,s.role_desc
FROM sys.databases d
,msdb.sys.dm_hadr_availability_replica_states s
WHERE (suser_name(owner_sid) <> 'SA' OR SUSER_NAME(owner_sid) IS NULL)
AND s.role_desc = 'Primary'

SQL 2008 (Mirrors)

Same as the above query, but while that query above will error when you try to run it on an older version of SQL than 2012 because of the HADR view, this one works while determining if any of your servers have the wrong database owner. Just exclude the AND statement to show the mirrors.


SELECT
d.name
,[Owner] = suser_sname(owner_sid)
,m.mirroring_role_desc
,d.state_desc
FROM sys.databases d
LEFT JOIN sys.database_mirroring m ON m.database_id = d.database_id
WHERE
(suser_name(owner_sid) <> 'SA' OR SUSER_NAME(owner_sid) IS NULL)
AND (m.mirroring_role_desc <> 'mirror' OR m.mirroring_role_desc IS NULL)

Afterwards, I used Policy Based Management to create a policy checking for DB ownership.  I chose the simple way of creating a Database Facet checking that @Owner = 'SA'. (Rename your account, but for demonstration purposes this is the most obvious). The policy will check every database, but automatically skip mirrors/secondaries because it cannot read those databases. The script remains useful for checking the databases that the policy cannot read.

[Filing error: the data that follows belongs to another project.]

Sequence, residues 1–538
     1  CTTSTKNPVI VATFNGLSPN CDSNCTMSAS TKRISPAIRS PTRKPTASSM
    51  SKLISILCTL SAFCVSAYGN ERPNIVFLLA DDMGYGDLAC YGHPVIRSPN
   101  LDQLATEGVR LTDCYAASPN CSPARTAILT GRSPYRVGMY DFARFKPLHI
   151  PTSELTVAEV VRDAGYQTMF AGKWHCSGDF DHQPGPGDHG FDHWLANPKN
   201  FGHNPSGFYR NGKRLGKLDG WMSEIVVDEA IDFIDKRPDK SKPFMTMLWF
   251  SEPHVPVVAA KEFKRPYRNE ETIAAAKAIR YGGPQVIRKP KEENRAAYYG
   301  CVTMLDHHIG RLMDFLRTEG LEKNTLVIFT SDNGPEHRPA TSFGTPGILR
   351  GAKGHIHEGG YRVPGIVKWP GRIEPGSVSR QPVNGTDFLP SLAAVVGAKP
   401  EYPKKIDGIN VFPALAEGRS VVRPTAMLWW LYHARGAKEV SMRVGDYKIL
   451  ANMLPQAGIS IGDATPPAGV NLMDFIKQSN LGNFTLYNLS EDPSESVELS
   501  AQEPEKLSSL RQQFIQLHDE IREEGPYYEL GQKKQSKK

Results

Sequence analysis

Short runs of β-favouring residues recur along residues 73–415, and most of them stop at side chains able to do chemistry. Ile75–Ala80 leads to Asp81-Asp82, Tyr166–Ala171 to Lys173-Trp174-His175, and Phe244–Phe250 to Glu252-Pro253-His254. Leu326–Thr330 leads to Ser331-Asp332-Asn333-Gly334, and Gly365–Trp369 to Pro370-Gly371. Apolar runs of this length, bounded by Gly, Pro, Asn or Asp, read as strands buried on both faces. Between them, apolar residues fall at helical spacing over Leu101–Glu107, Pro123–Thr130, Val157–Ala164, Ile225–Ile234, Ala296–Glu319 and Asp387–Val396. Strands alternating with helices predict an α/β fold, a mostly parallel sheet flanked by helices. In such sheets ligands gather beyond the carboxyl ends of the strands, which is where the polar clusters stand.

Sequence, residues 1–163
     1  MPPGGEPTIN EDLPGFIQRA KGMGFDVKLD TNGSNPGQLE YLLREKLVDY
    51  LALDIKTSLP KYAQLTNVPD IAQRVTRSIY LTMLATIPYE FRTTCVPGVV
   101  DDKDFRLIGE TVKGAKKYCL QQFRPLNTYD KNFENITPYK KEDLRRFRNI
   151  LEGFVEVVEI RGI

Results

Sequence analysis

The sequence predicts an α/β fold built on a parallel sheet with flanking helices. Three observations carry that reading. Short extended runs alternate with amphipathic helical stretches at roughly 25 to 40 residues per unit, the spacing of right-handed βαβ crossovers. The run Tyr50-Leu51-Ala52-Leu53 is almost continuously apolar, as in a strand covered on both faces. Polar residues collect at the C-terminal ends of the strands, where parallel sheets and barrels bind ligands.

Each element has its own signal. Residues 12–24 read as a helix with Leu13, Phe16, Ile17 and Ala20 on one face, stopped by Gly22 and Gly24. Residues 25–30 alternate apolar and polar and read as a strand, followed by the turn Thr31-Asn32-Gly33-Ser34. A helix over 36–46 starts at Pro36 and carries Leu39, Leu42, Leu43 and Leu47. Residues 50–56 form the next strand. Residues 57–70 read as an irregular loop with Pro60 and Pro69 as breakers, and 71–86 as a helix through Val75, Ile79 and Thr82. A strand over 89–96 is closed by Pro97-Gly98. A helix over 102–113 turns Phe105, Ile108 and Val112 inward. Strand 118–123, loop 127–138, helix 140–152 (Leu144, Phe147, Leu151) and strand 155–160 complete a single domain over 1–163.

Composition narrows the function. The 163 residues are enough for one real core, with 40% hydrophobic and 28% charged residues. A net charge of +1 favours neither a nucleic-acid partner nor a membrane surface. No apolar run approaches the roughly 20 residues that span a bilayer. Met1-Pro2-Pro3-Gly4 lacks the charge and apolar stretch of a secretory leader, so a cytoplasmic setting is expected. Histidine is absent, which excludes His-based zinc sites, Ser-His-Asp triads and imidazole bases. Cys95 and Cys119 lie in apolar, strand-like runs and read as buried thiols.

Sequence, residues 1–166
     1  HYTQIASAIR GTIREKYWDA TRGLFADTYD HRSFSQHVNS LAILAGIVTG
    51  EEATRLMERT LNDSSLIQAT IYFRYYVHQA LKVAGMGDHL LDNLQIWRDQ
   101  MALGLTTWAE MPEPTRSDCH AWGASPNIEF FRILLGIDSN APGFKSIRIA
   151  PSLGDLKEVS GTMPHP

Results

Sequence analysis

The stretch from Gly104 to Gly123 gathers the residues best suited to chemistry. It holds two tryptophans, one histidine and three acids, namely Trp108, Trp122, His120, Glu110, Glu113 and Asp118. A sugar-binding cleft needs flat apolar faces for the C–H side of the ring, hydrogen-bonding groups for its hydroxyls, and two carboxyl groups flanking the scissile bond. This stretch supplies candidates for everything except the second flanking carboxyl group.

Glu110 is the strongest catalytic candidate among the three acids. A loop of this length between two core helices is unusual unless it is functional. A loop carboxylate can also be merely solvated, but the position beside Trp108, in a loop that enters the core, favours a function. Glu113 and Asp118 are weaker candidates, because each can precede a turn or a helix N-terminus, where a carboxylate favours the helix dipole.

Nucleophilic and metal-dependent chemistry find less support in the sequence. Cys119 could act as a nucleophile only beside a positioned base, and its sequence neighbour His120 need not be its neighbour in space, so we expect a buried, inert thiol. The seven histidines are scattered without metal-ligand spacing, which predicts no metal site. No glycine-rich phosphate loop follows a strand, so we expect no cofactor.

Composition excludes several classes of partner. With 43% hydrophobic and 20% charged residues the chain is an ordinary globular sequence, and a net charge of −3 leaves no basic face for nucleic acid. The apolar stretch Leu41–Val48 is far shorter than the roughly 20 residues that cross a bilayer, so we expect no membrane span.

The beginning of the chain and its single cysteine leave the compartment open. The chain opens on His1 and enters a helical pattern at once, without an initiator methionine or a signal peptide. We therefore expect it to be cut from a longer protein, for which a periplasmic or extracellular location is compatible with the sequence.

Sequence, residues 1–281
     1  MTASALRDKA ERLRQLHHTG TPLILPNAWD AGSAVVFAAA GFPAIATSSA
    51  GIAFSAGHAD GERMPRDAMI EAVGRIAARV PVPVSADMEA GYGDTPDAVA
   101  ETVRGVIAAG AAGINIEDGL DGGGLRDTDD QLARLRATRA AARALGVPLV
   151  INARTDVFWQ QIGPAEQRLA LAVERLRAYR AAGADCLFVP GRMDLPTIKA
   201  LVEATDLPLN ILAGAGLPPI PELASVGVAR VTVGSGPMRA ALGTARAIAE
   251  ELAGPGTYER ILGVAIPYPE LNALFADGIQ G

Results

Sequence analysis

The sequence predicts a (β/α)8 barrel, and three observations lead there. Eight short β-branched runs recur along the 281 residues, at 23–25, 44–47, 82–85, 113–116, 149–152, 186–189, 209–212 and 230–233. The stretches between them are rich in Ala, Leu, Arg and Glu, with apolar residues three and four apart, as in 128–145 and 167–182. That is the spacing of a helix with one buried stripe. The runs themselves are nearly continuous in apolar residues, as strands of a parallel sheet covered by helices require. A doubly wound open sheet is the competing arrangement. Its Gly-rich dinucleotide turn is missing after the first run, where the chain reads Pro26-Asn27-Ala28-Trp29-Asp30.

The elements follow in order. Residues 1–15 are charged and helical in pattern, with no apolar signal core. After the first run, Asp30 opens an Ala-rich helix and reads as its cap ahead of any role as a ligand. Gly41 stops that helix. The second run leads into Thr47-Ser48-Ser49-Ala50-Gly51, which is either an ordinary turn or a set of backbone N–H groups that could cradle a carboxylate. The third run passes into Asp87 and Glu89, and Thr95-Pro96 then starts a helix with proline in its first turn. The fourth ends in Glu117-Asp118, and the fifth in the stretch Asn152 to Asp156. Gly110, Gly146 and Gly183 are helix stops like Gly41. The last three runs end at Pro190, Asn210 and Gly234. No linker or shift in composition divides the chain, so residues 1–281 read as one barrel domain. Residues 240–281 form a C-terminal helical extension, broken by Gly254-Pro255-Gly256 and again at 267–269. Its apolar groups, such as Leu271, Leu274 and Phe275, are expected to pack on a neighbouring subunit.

Mirroring with TDE

Recently I’ve had to set up a lot of database mirroring, and about half of those databases were encrypted. Setting up mirroring on unencrypted databases is normally a quick process, but encrypted mirroring requires a bit more work. While there are many examples of mirroring out there, it can be hard to find an example of encrypted mirroring that is not missing a step or two. You cannot use Object Explorer to do everything, so below are the necessary scripts to not only set up encrypted mirroring, but also how to setup Transparent Data Encryption.

1. Create and Backup Master Key and Certificate TDE requires a master key and a certificate, so those need to be created first and then immediately backed up. Backing these up is best practice, but the files will also need to be restored to the secondary server. If you already have TDE on the primary server, you can skip this step and go straight to Step 3.

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/********** On Principal **********/

--Create Master Key
 USE MASTER
 GO
 CREATE MASTER KEY ENCRYPTION BY PASSWORD = 'StongP@ssword'